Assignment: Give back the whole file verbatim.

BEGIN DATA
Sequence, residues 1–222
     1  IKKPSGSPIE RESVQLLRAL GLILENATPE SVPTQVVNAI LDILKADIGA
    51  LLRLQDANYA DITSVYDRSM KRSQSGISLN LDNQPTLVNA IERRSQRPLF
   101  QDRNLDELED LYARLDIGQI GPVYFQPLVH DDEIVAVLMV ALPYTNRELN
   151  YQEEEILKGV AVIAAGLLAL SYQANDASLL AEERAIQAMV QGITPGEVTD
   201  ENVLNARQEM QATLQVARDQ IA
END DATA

Sequence, residues 1–222
     1  IKKPSGSPIE RESVQLLRAL GLILENATPE SVPTQVVNAI LDILKADIGA
    51  LLRLQDANYA DITSVYDRSM KRSQSGISLN LDNQPTLVNA IERRSQRPLF
   101  QDRNLDELED LYARLDIGQI GPVYFQPLVH DDEIVAVLMV ALPYTNRELN
   151  YQEEEILKGV AVIAAGLLAL SYQANDASLL AEERAIQAMV QGITPGEVTD
   201  ENVLNARQEM QATLQVARDQ IA